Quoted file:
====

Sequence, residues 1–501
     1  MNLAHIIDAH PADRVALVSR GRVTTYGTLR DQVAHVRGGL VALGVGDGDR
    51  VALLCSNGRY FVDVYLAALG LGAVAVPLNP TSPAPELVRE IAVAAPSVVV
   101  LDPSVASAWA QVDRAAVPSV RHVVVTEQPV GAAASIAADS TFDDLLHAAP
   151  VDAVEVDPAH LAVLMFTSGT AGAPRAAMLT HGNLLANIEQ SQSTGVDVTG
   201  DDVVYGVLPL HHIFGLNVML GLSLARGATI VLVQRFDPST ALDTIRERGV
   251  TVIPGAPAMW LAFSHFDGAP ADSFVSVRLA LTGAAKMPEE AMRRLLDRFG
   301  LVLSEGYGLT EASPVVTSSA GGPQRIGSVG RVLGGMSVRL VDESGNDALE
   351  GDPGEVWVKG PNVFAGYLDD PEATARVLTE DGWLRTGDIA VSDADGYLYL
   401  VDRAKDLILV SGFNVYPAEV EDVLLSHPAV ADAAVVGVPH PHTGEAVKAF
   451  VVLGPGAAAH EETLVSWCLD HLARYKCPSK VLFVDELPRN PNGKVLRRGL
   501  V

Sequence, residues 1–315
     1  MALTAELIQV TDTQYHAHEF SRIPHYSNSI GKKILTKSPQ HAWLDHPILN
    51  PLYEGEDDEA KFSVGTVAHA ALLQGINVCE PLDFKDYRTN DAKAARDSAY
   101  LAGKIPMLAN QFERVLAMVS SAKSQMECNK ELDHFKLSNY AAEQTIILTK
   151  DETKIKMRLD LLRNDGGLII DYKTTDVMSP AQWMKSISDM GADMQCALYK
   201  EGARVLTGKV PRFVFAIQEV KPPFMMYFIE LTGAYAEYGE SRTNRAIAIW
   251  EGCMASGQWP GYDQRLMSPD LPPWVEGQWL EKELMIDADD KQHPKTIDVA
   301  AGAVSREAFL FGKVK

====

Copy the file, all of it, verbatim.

Sequence, residues 1–501
     1  MNLAHIIDAH PADRVALVSR GRVTTYGTLR DQVAHVRGGL VALGVGDGDR
    51  VALLCSNGRY FVDVYLAALG LGAVAVPLNP TSPAPELVRE IAVAAPSVVV
   101  LDPSVASAWA QVDRAAVPSV RHVVVTEQPV GAAASIAADS TFDDLLHAAP
   151  VDAVEVDPAH LAVLMFTSGT AGAPRAAMLT HGNLLANIEQ SQSTGVDVTG
   201  DDVVYGVLPL HHIFGLNVML GLSLARGATI VLVQRFDPST ALDTIRERGV
   251  TVIPGAPAMW LAFSHFDGAP ADSFVSVRLA LTGAAKMPEE AMRRLLDRFG
   301  LVLSEGYGLT EASPVVTSSA GGPQRIGSVG RVLGGMSVRL VDESGNDALE
   351  GDPGEVWVKG PNVFAGYLDD PEATARVLTE DGWLRTGDIA VSDADGYLYL
   401  VDRAKDLILV SGFNVYPAEV EDVLLSHPAV ADAAVVGVPH PHTGEAVKAF
   451  VVLGPGAAAH EETLVSWCLD HLARYKCPSK VLFVDELPRN PNGKVLRRGL
   501  V

Sequence, residues 1–315
     1  MALTAELIQV TDTQYHAHEF SRIPHYSNSI GKKILTKSPQ HAWLDHPILN
    51  PLYEGEDDEA KFSVGTVAHA ALLQGINVCE PLDFKDYRTN DAKAARDSAY
   101  LAGKIPMLAN QFERVLAMVS SAKSQMECNK ELDHFKLSNY AAEQTIILTK
   151  DETKIKMRLD LLRNDGGLII DYKTTDVMSP AQWMKSISDM GADMQCALYK
   201  EGARVLTGKV PRFVFAIQEV KPPFMMYFIE LTGAYAEYGE SRTNRAIAIW
   251  EGCMASGQWP GYDQRLMSPD LPPWVEGQWL EKELMIDADD KQHPKTIDVA
   301  AGAVSREAFL FGKVK